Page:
Social media, the new golden goose

Companies want to skip ahead, and tap customers earlier on in the shopping process via social media audiences. Will this drive more social media M&A?

Increasing engagement

If we learned anything from TikTok’s success, it is that engagement mixed with an e-commerce outlet can be a lucrative enterprise. Leaders of the Software as a Service (SaaS) industry have long predicted this, saying that one day ‘’software companies would have an embedded media company’’. As a result, we think social media companies are about to see more attention as acquisition targets.

This is because firms are starting to realize that there are millions of monthly active users they can leverage to bolster their bottom lines. But the power of owning an audience goes beyond selling more of one’s own products. It enables one’s own brand to be used as a way to motivate user spending.

We think that today, any large enough company will attempt to leverage social media to further monetize its footprint. A company like Volkswagen, for example, could easily create an entirely virtual marketplace offering a variety of relatable companies sales channels. Owning an audience might also allow firms to react more quickly to reputational risk.

Unit economics

Companies can justify social media CAPEX through unit economics arbitrage.

When valuing a high growth company, venture capitalists will tend to measure operational health through key performance indicators (KPIs). One such KPI is the relationship between cost and return, called unit economics. Unit economics is the relationship between the customer acquisition cost (CAC), things like marketing expenses, and the customer’s lifetime value (LTV), the amount of money a customer brings in over time.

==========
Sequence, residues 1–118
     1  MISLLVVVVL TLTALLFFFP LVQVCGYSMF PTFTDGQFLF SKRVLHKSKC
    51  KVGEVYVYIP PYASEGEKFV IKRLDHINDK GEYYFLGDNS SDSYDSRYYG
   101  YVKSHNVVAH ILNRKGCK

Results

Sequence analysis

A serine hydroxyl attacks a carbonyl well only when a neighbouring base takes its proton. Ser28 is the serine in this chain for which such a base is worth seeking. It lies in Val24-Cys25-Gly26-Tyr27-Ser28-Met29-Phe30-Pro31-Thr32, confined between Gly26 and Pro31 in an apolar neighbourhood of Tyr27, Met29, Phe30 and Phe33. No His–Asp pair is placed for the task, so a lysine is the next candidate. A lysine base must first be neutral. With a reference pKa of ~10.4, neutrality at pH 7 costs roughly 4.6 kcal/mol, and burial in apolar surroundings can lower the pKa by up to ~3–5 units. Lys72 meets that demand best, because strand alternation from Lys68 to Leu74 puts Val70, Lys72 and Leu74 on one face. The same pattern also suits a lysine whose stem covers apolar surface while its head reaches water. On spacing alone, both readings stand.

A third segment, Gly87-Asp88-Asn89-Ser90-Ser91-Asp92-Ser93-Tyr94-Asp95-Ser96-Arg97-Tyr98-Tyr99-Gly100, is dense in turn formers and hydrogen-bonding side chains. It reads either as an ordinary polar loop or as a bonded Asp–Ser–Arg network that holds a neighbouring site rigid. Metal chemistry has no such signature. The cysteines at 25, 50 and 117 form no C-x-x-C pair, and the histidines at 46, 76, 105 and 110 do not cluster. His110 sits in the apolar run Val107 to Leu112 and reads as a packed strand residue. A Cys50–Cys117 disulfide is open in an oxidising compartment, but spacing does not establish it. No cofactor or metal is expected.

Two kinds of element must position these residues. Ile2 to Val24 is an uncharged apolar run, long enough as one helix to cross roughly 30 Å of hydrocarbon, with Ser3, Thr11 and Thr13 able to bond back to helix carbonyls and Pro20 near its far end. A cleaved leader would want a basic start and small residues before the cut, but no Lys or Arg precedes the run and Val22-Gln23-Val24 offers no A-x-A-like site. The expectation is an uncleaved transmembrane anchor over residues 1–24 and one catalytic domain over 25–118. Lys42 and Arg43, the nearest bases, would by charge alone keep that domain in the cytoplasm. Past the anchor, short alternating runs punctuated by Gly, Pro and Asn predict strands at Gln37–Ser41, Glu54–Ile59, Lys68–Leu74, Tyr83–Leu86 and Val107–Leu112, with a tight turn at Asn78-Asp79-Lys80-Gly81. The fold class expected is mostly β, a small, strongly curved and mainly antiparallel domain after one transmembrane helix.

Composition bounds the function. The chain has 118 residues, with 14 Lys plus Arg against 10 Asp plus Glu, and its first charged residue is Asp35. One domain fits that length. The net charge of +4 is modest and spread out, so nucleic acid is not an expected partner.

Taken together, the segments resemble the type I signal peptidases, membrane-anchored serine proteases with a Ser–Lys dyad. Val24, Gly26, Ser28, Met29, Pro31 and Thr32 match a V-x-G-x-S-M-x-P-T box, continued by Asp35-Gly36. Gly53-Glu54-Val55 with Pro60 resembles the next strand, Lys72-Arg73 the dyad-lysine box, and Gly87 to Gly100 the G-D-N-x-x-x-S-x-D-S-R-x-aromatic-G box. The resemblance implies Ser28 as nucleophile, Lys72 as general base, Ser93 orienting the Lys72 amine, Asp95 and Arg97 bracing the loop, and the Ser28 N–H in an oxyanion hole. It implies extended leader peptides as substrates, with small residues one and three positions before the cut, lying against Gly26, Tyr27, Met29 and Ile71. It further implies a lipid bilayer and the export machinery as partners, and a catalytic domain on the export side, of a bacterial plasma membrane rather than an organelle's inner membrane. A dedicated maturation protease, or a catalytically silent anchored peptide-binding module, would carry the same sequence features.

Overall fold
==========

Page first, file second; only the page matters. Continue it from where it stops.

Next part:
Companies offering SaaS, sports betting software, or financial services usually see high LTV, but also high CAC. That is because they work in a competitive and broad market. On the other hand, social media companies tend to see the inverse—low CAC, and low LTV. They monetize through non-recurring advertising, produce content more cheaply, but customers on average bring in small revenues. M&A thus presents opportunities for arbitrage, and better B2B penetration for both sides of the equation.

Enter “social commerce''

We refer to ‘’social commerce’’ as the fusion between social media (content and engagement) and e-commerce (payments and marketplaces). Ultimately, such a merger enables more lucrative B2B, through knowledge of customer behavior.

Square, the payment processing company, bought Tidal, a music subscription business, in order to access more than 3 million subscribers. Robinhood, the retail trading platform, acquired MarketSnacks for its 32 million subscribers, and Hubspot bought The Hustle for its 2 million users. More recently, PayPal flirted with the idea of buying Pinterest’s 450 million users.

In the case of Hubspot, buying The Hustle for an estimated $27M suggests they have a CAC per user of USD13.50 (2m users/$27m paid), but probably higher. So, Hubspot spends a lump sum to acquire an established user base (that will grow over time), it taps into 2 million subscribers, and unlocks a B2B education business segment. The Hustle should bring in an annual revenue of at least $12M, so the return on investment is straight forward.

JP Morgan Chase also recently acquired 2 million monthly users from The Infatuation, an events and food finder app. That is because JP Morgan Chase’s card business, has a high CAC and a high LTV, but it needs to grow in an increasingly competitive arena. This arena gives cardholders rewards, which pushes CACs up to $1000 per customer. To profit, JP Morgan needs to get cardholders to spend more. By acquiring The Infatuation, their logic is that the bank can now sponsor more events, onboard more cardholders, get spending up, and make up for its high CAC.

Final thoughts

Right now, there is a clear synergy to be made between social media companies and established firms because of unit economics arbitrage. What we call ‘’social commerce’’ is the result of the fusion between the two, which makes for a golden goose scenario. We have seen countless examples of large companies buying such audiences, and we would not be surprised to see more competitors joining the trend. One next step could be to research social media companies that could become targets on the premise of their audience relevance and size.

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